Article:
Brand – strategy, valuation and protection
An organisation’s brand encompasses all that it outwardly displays to the world. So why are brands often under-valued and deprived of investment?
A dedicated strategy
Brands take careful strategy and years of focused effort to create. Brands encapsulate all that distinguishes an organisation’s products and services from its competitors and may consist of unique recognisable logos, names, trademarks, online presence, etc.
The marketing of products and/or services is one of the most important aspects of any business. A lot of time and hard work goes into establishing a brand, conducting market research and developing relationships with manufacturers, distributors and customers. Brand awareness can be the difference between being recognised or disappearing in a competitive market.
Often taking years to develop, it’s important to have a strategy in place to ensure that the importance and value of each brand is maintained, remains relevant to its intended audience and is not eroded. Here are a few examples of exploiting the potential of a brand portfolio:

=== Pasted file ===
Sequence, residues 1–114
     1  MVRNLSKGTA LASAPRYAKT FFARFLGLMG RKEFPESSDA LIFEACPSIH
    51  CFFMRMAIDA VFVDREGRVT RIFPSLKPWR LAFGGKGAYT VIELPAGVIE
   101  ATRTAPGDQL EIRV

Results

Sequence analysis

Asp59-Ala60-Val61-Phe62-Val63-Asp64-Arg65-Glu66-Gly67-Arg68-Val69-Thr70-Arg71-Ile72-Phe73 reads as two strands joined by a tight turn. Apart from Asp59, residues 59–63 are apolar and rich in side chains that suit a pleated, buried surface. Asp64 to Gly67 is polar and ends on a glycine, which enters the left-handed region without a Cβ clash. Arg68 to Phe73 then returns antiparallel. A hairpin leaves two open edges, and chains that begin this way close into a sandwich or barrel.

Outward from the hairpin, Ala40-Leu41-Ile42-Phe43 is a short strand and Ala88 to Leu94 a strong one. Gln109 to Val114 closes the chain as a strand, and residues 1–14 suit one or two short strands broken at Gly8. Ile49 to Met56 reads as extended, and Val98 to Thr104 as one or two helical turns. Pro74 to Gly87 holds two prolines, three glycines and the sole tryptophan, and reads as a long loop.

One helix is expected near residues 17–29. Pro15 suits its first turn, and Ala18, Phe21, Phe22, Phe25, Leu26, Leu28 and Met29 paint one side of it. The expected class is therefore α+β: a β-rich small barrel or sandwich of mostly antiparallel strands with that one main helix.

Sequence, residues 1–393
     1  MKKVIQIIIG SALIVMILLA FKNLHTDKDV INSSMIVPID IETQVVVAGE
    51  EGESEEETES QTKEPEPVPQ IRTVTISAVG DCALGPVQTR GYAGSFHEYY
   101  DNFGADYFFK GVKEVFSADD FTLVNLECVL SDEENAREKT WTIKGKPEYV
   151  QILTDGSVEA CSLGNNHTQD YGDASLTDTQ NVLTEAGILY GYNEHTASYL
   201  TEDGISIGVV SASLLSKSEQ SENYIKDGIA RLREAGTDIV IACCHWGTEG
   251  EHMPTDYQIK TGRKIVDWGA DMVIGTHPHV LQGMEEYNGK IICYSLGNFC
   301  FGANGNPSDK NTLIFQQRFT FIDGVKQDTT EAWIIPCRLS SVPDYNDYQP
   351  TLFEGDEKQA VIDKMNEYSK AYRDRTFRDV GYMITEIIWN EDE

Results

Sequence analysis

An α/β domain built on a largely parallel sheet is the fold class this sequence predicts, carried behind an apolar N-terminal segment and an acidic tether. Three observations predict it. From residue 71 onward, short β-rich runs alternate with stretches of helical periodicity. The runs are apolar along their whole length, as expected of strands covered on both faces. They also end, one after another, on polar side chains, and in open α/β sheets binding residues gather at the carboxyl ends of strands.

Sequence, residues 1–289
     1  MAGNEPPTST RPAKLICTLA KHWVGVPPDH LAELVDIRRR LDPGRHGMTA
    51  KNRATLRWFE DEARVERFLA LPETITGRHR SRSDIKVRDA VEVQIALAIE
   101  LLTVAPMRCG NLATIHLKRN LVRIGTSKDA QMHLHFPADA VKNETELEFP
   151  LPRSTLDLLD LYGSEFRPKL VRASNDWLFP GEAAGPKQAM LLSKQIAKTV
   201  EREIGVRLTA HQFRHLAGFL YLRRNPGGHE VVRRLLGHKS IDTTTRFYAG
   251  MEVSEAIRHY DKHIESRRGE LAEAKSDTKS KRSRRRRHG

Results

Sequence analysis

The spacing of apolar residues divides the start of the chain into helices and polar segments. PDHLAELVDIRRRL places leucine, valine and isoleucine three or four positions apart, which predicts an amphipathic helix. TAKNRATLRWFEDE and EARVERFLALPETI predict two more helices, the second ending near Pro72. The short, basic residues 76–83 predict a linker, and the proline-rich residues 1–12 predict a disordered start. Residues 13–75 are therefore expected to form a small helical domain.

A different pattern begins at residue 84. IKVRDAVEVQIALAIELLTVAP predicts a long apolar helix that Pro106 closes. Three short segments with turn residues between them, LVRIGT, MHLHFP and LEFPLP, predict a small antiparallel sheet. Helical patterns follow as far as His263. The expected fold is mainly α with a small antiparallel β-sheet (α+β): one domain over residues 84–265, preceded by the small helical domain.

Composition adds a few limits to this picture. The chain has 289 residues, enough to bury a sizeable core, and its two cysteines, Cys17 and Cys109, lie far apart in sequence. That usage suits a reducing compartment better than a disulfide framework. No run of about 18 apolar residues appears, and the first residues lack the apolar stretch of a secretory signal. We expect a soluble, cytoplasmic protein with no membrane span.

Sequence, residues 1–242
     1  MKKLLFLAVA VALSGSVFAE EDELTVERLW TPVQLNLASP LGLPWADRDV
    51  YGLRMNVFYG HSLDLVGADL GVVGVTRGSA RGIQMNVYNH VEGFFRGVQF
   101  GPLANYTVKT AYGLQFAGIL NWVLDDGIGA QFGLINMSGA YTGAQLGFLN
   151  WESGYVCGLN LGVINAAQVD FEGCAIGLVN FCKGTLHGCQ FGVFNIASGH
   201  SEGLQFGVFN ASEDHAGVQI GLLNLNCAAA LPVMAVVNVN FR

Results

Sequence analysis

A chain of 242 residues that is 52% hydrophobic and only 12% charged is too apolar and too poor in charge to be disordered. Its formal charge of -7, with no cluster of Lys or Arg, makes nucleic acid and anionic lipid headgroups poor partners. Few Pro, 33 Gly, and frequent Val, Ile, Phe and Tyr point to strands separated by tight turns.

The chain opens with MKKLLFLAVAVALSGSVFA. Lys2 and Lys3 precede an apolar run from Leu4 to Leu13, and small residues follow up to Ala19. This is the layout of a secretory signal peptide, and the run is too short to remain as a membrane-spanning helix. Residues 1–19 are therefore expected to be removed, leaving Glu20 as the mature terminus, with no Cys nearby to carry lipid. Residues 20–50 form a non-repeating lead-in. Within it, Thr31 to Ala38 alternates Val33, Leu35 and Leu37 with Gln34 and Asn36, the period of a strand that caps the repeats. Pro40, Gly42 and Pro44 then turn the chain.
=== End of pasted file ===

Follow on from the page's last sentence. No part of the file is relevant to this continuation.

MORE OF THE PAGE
Advertising – continued investment in a brand can help ensure that a brand increases its value through use. It’s important to re-energise brands (as required) to enable the achievement of commercial value through prolonged, consistent and extensive advertising.
Pricing – depending on your brand strategy, when a brand is successfully developed, customers should be willing to pay a premium for that branded product or service. It’s often best not to compete on price where the fundamental value of a brand lies in its premium image.
Brand strategy – as discussed above, a brand strategy should be established for the portfolio of brands. For example, a key brand with high levels of market perception could be used as the ‘parent’ brand for a series of sub-brands.